TALLAHASSEE, Fla. (WTXL) — A cartel member said to be connected to the death of a Tallahassee woman and her children says he's innocent.
This all comes a day after another man said he order a hit on Segura's mistress and her children.
Angel Avila-Quinones wasn't in court Friday, but the jury was able to watch an interview he did about his possible connection to these murders.
James Santos previously confessed to ordering a hit on the Peters family. He says Angel Avila-Quinones was one of the seven people that went to Brandi Peters home to kill her and her children.
Earlier this month, an FBI agent and lead attorneys for both sides interviewed Avila-Quinones in Italy.
Avila-Quinones says he was deported in 2009 after spending time in prison and has lived there since.
But the defense attorneys say his DNA was left behind at the scene.
"It is strange to me. I have never been there on that date. I have never been to the United States and I was, I didn't have any concerns when they tested me because I knew that it wasn't me," said Avila-Quinones.
The state also believes that he's not connected to this case.
The state says a DNA expert was able to determine that it wasn't Avila-Quinones' DNA left at the scene.
One of the biggest questions to come out of court Friday was how did Segura know so much about the murders.
A gang member who says he had Brandi Peters and her children killed took the stand in the Henry Segura Quadruple murder trial. Segura's accused of killing his mistress over child support.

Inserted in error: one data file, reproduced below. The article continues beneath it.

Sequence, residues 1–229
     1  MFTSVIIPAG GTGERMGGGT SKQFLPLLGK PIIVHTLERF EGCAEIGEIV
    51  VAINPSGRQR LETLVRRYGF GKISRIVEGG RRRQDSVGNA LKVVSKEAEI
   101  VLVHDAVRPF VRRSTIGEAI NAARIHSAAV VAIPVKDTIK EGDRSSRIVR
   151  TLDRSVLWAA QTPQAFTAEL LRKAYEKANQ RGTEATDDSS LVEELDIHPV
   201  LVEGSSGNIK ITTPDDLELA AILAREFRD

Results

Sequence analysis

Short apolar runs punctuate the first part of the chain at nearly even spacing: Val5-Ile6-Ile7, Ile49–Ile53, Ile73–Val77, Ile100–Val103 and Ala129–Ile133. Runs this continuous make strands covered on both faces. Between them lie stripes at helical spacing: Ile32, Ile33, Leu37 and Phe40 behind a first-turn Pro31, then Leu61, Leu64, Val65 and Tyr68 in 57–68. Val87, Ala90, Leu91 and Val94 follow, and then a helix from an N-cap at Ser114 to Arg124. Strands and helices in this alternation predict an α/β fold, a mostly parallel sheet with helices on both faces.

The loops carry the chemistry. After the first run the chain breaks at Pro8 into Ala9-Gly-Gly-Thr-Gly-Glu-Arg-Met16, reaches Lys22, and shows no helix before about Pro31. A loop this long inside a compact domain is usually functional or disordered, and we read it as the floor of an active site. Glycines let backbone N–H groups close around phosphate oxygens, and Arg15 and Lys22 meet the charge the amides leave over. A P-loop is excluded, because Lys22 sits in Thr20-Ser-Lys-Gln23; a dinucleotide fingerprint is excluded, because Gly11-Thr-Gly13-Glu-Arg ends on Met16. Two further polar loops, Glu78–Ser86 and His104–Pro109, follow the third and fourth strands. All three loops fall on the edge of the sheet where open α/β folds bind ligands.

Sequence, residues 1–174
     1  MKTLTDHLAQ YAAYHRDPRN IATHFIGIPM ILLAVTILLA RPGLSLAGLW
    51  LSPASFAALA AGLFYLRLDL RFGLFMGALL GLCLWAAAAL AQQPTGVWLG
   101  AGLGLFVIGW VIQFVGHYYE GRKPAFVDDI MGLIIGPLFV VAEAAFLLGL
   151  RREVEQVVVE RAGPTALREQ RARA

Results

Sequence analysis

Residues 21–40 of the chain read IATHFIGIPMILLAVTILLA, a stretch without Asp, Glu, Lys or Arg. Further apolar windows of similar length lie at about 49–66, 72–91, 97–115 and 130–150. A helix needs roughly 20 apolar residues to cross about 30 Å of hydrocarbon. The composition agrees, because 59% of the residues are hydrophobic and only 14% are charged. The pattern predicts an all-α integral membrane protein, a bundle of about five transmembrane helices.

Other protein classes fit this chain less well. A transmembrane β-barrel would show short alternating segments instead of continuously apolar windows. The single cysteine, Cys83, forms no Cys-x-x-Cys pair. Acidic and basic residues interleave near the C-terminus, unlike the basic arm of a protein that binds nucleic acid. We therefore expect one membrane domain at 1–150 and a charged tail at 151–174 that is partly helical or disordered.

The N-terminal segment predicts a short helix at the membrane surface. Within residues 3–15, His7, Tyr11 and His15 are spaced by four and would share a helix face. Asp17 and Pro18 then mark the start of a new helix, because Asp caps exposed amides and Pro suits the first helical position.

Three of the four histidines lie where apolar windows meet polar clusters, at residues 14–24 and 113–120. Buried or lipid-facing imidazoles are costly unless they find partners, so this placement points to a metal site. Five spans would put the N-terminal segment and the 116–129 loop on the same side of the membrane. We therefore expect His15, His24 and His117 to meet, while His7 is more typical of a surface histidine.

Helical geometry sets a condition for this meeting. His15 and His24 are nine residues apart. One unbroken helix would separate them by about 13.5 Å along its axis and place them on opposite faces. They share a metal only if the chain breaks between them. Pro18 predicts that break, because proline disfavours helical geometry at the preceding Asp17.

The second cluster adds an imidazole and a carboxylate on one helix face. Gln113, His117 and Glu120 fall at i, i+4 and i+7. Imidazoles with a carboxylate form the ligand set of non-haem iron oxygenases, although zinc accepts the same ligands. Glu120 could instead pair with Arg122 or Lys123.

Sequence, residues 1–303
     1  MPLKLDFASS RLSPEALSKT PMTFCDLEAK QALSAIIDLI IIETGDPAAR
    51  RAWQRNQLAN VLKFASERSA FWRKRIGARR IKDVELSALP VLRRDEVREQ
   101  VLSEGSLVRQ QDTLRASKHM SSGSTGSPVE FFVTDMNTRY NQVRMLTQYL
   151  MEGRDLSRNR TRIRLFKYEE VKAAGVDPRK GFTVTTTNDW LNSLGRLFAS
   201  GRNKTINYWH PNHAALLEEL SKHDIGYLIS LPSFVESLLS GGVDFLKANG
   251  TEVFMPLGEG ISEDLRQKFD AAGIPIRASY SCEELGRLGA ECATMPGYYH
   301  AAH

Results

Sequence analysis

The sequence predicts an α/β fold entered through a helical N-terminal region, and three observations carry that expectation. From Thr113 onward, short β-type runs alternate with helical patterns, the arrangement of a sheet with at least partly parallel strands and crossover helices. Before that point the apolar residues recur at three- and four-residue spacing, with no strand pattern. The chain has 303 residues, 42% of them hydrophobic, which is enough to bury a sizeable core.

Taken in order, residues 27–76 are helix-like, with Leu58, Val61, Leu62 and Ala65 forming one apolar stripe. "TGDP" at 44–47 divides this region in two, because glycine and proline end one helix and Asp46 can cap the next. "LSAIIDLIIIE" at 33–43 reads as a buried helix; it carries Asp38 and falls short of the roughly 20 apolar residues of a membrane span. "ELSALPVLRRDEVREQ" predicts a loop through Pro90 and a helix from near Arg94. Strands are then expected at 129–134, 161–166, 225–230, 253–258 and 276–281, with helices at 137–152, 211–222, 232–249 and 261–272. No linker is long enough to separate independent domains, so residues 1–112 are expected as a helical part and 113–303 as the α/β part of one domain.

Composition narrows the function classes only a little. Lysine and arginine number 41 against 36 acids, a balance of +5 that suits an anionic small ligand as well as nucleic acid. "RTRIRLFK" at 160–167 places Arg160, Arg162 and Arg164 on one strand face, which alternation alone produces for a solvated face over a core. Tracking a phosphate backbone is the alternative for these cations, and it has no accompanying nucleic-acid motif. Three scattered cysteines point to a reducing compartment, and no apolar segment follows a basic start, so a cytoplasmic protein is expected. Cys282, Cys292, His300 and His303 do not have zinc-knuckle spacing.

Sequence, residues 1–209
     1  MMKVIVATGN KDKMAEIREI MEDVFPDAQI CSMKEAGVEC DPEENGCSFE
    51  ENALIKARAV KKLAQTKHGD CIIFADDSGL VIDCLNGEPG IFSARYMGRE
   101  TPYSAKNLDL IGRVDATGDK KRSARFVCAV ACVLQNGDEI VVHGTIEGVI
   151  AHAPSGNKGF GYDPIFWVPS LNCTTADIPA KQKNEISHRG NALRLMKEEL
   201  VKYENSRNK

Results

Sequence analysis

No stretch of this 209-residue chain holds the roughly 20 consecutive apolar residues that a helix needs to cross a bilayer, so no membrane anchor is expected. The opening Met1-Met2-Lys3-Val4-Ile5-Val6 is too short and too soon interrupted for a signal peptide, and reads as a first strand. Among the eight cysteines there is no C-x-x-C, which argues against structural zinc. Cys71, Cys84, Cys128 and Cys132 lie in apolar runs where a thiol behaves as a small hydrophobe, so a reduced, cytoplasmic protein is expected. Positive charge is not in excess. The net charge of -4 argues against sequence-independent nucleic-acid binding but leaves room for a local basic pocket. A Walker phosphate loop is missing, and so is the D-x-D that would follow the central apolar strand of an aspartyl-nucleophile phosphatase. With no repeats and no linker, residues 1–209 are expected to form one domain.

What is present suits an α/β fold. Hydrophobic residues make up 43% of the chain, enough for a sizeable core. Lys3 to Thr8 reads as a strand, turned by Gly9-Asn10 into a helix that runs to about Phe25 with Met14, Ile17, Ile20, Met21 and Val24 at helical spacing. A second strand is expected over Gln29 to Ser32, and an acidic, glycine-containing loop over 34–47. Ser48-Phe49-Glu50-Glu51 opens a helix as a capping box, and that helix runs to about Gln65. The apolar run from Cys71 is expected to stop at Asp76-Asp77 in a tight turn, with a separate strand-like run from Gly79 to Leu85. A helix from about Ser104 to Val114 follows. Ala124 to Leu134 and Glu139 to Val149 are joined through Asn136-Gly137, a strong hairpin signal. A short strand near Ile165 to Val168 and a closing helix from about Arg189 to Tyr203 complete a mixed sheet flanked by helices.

James Santos says he knows all about the murder because he ordered the murders.
Santos says he had a team kill Peters and her children after she stole almost $100,000 from him.
Brandi Peters was found beaten and shot multiple times. Two of her children were drowned.
Another was shot, then thrown into the tub with the others.
Santos says seven people were involved in the murders, which he ordered from prison. Santos confessed seven years after the crime.
He says he didn't want to get arrested for the murders, but he came forward when other gang members started to wonder if he was stealing from them as well.
"You know, when you bring a person into your organization, they work for you. You're responsible for them. I vouched for her," said Santos. "They didn't know her other than through me, so I let them know that she was a reliable person. She was loyal."
A gang expert also testified Thursday that the brutality of the murders seemed gang related.
He went on to testify that the gang in question is known for leaving a spade behind at the crime scene. A small shovel was found near Peters' body.
Prosecutors pointed out inconsistencies from Santos over the years, as well as his diagnosis of being schizophrenic, and having multiple personalities.
The defense also brought up that other foreign DNA was found at the crime scene.
DNA experts testified it is possible that DNA belongs to a drug cartel member.
Closing statements are now expected to happen Tuesday.